Archive: April 2021
April 29, 2021
In this day and age, there are many real estate opportunities that present themselves to people who want to invest. One example of this comes in the form of a timeshare. While most timeshare deals are uneventful, there may be some instances where timeshare deals can go pear-shaped.
If you have gotten yourself into a timeshare contract that you want to cancel or have found yourself in the middle of a timeshare scam, it is easy for you to feel overwhelmed. This is where hiring the services of a timeshare attorney will come in handy.
Keep reading to find out more about the value in hiring a timeshare attorney.
Need to Get Out of a Timeshare Contract? Hire an Attorney!
There are many aspects of a timeshare that may be overlooked when you initially sign your contract. There may be different parts of the timeshare deal that you may not completely understand. It is these small things that may warrant the need for you to hire a timeshare lawyer later on. Here is a guide to help you discern when you will need this type of legal help.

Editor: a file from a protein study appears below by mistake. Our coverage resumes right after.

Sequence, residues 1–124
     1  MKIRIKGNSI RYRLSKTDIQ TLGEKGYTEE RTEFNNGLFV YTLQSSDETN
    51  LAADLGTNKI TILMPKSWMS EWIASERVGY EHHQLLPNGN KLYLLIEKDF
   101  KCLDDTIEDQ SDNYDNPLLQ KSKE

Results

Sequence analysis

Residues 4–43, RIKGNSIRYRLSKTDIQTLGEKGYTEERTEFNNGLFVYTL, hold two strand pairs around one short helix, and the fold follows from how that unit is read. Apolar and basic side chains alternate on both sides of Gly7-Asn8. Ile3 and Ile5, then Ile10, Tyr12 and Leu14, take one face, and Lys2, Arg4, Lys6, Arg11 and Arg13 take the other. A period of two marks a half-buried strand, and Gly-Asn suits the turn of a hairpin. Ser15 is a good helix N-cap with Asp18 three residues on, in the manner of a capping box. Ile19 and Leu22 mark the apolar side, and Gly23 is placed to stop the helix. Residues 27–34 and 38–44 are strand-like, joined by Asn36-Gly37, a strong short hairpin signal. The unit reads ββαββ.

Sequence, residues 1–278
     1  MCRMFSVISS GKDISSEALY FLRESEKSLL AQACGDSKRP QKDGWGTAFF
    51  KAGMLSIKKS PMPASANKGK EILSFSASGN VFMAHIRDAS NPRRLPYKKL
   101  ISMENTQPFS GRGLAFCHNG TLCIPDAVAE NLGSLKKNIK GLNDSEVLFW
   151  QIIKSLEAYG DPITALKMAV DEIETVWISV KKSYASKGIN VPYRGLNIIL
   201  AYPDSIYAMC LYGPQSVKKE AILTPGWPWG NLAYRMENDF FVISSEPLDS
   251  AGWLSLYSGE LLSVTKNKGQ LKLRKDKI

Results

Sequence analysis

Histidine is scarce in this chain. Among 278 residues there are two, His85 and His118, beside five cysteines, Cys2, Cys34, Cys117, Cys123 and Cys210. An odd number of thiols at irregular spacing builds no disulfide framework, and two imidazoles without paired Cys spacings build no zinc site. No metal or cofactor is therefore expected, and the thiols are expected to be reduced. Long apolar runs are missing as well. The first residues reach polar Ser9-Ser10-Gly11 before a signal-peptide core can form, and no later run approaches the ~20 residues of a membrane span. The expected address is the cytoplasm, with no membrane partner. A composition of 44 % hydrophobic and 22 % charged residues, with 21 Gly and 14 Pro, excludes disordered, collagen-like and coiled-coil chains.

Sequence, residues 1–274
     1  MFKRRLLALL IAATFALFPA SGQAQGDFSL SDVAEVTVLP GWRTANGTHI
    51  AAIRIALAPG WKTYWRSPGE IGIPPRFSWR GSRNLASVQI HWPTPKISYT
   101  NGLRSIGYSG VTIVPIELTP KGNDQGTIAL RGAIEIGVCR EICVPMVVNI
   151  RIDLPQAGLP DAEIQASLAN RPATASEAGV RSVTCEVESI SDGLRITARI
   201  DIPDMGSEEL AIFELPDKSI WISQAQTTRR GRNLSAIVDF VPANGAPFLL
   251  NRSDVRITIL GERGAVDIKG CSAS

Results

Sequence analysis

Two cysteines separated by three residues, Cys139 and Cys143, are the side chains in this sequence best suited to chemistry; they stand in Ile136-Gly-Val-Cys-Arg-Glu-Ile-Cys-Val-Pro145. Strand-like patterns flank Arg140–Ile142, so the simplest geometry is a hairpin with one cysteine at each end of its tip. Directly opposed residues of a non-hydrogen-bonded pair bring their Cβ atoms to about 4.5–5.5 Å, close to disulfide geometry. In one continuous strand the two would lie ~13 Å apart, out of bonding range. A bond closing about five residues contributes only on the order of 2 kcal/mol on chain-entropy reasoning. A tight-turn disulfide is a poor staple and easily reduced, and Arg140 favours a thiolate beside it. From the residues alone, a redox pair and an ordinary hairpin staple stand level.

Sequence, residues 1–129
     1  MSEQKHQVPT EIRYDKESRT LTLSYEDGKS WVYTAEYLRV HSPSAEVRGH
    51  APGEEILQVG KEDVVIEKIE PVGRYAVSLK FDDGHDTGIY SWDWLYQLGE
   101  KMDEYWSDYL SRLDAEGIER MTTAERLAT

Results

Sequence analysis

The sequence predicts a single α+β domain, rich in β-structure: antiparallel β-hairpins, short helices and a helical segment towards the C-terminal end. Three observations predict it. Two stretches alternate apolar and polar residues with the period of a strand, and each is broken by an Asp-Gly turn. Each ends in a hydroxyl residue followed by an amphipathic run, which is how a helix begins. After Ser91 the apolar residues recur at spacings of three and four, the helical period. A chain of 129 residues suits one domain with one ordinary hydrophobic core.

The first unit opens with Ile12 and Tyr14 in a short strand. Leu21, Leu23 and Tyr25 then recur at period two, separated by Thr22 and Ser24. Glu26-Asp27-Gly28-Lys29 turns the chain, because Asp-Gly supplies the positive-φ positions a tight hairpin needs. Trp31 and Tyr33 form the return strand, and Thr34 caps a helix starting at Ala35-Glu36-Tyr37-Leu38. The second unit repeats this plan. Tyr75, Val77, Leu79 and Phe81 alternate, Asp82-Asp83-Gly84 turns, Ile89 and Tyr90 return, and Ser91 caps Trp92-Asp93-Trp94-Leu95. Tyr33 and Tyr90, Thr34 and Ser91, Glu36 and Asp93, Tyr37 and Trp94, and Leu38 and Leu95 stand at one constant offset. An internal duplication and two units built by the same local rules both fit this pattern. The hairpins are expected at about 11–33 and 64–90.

Why You May Need a Timeshare Lawyer
The moment you sign the dotted line on your contract, it will become a legally binding and fully enforceable document. There may be some instances where you may not fully read your contract prior to signing (which should not be done as much as possible), and not like the terms with which you have already signed and agreed to. Working with an attorney will help you understand what you signed and if there is any way you can get out of this obligation.
Get Help Exiting Your Timeshare
The only way for you to exit your timeshare deal is to prove that there was some type of fraud that took place when you signed the contract, or if there is something fraudulent within the specific wording in the contract. A timeshare lawyer will be able to help you see if you have a valid case that can be filed. If they see that there was indeed some type of fraud that took place, they will assist you in filing a case to get out of your timeshare contract.
A Timeshare Attorney Has Leverage
Leverage is everything, and if that’s what you need, an attorney is your best hope. Keep in mind that no other organization will be able to get you this kind of leverage except a legal professional. It may be extremely difficult to file a case when it comes to timeshare contracts, having legal counsel on your side may make a huge difference.
If you find yourself in a sticky situation that you seemingly have no way out of, your best bet is to contact a lawyer. This is especially important if you feel that you have entered into an unfair situation. Keep in mind that even if you had signed a contract, you may still be able to have a valid case. The thing is that you may never be sure until you talk to a lawyer about your situation.